Excitement and nervousness were great. Wow, Switzerland, was the first thought. The agent didn’t give much, but very relevant information. “It is a good offer. We can wait, as there will be more offers, but it is not likely that there will be many better offers.” The crucial information was that there is another American on the team, managed by the same agent, namely, Sabel Moffet. “With Sabel on the same team, things will be easy” was the promise.

“We have a good reputation on the US market”, explains club president Christian Marbach. “Mutual trust between our agents and us is crucial.”

Before the big adventure started for Danielle, there was another adventure ahead, though: She represented the USA at the University Games in Taipeh, Taiwan, in August. From the Games, Danielle travelled back home, then, after only two days, she headed to Switzerland.

Volleyball NLA: TS Volley Duedingen vs Volero Zuerich

Danielle HARBIN (TS Volley Duedingen #3) during the match TS Volley Duedingen vs Volero Zuerich Nov 19, 2017 in Duedingen (Sportzentrum Leimacker), Schweiz, Photo Credit: Ulf Schiller 2017

Team around the clock

“We do a lot for the players, especially on the first days” Christian explains. “Two contact persons welcome the players. They offer help in case of any problem.”

“I arrived at Düdingen exactly on my birthday” Danielle remembers. So what was the first impression of the town, I ask her. “Cute!” is the immediate response. Düdingen reminds her of her home. A small town and volleyball important. The Powercats are visible everywhere in Düdingen. “People recognize me on the street. The Powercats mean something for them.”

“The team did everything to make it easy for me,” Danielle continues. She lives in an apartment with two other players, libera Thays Deprati and setter Zora Widmer. Even in their free time, the players stick together. Sabel plays the integrating role. She finds a lot of activities, or – in other words – she implicitly keeps the agent’s promises. The team and life: these two expressions appear identical for Danielle.

“In fact, the chemistry is right”, adds Christian. Having players with team spirit, like Sabel or captain Kristel Marbach, is ideal. “As a result, the team has a strong will. I am really proud of this team.”

Volleyball NLA: TS Volley Duedingen vs Volero Zuerich

Maybe Danielle’s best game so far: the 3-2 against Volero Zürich. For her excellent spikes just at the right time, Danielle received the MVP award. Nov 19, 2017 in Duedingen (Sportzentrum Leimacker), Schweiz, Photo Credit: Ulf Schiller 2017

Train – eat – sleep – repeat

I ask Danielle how life has changed. The answer is surprising at first sight, but absolutely plausible after a second thought. Despite of the completely different surroundings, things didn’t really change,. “I have more training”, Danielle replies after some thinking, “now twice a day”. So for most of the time she lives in the train – eat – sleep – repeat mode. The usual life of a professional athlete. “I don’t miss anything here”, she tells me, “my family, of course, but nothing else.”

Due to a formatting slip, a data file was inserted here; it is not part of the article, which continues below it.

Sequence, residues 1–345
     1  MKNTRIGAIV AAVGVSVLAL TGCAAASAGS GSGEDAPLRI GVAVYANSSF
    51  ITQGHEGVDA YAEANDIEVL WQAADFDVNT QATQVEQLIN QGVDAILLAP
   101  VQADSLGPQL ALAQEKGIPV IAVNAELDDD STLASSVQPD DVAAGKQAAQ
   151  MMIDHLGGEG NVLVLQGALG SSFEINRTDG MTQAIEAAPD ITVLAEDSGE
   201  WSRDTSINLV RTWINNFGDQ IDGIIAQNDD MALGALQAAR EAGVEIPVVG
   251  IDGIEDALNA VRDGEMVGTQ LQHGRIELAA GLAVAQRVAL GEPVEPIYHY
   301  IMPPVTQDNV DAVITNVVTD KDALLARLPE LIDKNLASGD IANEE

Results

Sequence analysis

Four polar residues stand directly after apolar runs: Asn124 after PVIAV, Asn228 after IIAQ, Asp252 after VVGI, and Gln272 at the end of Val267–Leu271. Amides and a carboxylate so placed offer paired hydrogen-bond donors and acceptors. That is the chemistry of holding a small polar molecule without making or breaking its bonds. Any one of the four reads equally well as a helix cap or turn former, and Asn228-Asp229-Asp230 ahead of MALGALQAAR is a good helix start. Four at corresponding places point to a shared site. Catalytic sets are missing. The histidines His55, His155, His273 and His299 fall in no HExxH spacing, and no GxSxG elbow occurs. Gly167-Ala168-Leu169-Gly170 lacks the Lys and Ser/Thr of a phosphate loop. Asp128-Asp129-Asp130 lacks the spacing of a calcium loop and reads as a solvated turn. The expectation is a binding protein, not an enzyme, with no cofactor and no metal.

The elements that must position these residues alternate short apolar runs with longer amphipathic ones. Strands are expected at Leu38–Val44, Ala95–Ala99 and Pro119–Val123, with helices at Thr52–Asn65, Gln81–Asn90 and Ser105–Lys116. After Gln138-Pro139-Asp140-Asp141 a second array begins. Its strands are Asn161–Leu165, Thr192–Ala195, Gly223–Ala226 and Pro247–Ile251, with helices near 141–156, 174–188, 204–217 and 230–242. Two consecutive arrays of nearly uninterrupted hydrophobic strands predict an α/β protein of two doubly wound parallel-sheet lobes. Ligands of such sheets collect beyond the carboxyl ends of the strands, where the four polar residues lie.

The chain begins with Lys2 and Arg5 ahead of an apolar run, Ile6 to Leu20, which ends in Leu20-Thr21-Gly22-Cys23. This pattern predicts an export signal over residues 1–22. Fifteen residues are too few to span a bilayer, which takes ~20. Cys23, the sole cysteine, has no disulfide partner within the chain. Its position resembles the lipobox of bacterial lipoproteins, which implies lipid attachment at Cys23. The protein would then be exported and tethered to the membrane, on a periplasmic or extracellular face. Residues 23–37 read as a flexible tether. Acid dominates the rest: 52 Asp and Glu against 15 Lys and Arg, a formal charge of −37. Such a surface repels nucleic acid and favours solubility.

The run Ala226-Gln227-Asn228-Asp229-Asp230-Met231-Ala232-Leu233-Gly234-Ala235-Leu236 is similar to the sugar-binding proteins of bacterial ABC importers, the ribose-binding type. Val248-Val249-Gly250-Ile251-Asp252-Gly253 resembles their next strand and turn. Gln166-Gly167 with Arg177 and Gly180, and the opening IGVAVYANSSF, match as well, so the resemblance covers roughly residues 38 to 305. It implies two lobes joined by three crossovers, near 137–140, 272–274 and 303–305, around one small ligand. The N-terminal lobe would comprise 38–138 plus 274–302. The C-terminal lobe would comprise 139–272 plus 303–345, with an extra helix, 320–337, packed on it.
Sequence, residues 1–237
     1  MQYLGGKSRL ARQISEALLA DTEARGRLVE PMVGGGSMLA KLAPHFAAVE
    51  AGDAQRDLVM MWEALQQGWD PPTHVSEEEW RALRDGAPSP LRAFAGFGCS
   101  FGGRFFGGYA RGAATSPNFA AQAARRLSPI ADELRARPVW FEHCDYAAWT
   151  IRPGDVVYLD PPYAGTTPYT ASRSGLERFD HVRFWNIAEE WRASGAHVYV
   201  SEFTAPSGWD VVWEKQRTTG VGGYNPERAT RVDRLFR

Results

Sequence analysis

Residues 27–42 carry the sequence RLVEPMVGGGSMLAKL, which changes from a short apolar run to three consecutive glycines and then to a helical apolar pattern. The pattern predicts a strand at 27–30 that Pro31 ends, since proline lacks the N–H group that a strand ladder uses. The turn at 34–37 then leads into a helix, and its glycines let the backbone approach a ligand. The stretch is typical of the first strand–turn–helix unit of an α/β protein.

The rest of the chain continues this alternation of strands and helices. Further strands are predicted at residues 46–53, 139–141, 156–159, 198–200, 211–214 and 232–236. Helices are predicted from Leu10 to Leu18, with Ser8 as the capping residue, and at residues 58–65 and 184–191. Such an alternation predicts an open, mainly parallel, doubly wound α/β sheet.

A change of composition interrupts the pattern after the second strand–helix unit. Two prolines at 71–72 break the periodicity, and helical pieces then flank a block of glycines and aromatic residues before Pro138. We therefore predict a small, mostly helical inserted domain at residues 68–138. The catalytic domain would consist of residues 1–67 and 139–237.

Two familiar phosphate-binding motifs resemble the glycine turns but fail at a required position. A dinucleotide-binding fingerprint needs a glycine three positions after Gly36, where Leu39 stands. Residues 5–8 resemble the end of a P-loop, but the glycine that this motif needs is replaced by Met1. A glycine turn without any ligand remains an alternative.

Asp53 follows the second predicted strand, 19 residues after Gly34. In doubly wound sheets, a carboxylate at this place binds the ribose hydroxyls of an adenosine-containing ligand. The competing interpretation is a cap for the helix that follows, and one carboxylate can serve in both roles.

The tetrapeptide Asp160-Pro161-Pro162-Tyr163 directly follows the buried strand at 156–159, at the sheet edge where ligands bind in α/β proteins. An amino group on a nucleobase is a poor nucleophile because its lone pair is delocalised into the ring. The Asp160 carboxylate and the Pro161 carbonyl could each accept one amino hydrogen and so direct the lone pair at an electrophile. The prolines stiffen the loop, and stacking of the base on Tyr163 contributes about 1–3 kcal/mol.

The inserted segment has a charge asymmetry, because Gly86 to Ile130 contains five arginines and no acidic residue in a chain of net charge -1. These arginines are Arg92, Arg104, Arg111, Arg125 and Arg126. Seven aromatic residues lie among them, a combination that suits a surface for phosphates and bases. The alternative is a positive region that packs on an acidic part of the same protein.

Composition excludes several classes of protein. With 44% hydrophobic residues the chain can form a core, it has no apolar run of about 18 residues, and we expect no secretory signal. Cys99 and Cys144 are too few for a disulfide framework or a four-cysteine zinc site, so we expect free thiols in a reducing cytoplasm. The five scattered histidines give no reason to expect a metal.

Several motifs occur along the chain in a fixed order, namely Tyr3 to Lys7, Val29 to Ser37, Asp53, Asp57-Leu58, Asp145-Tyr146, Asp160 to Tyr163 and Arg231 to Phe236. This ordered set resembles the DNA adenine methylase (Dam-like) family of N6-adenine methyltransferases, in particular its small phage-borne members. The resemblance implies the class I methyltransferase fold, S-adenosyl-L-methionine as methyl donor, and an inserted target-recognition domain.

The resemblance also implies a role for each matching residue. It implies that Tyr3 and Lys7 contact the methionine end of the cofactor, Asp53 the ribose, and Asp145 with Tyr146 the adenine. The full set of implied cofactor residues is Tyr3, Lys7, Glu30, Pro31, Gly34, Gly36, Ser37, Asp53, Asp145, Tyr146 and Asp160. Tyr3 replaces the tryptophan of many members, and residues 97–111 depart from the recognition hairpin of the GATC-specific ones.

She won’t miss the family for long. After the final match of the year against Cheseaux, she will re-unite with the family and celebrate Christmas.

Volleyball CH: NLA Edelline Köniz vs TS Volley Duedingen

If its this far, there is little the opponent can do: Edelline Köniz vs TS Volley Duedingen on Dec 09, 2017 in Koeniz (Sporthalle Weissenstein), Schweiz, Photo Credit: Ulf Schiller 2017

(by the way: The season re-opener will be on Jan 6, 2018, 17:15 versus Galina)

Seven youngsters to watch in 2018

2017 was the best year for Swiss Athletics. As 2018 is looming, it is time to publish my personal watch list of 7 Swiss talented youngsters (in fact, 8, but see below). Of course, there are many more succesful super young stars like the international junior champions Géraldine Ruckstuhl, Jason Joseph, Yasmin Giger, or Delia Sclabas. My aim is to go beyond the obvious and look behind the curtain. Therefore, I deliberately leave these amazing talents out.

Number 1. Annik Kälin. LEICHTATHLETIK SM U20/U23 2017

The 17 year old heptathlete improved to 5664 points at the Swiss Nationals late in the season. Her strengths are the long jump and the hurdles.

Number 2. Stefan Wieland.

LEICHTATHLETIK SM U20/U23 2017

The 19 years old STB athlete threw the 6kg shot to impressive 18.29m, Swiss U20 record. His personal record with the 7.25kg shot is now 16.58m. He is better than Werner Günthör at the same age, despite of a broken foot early in the year.

Number 3. Gaëlle Maonzambi.

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The 16 year old triple jumper from Berne gathered bronze at the European Youth Olympic Games in Györ (Hungary). She was even nominated for the Swiss Athletics Youngster of the Year Award.

 Number 4a and 4b. Sales Inglin (l) and Finley Gaio (r) 

WELTKLASSE ZUERICH 2017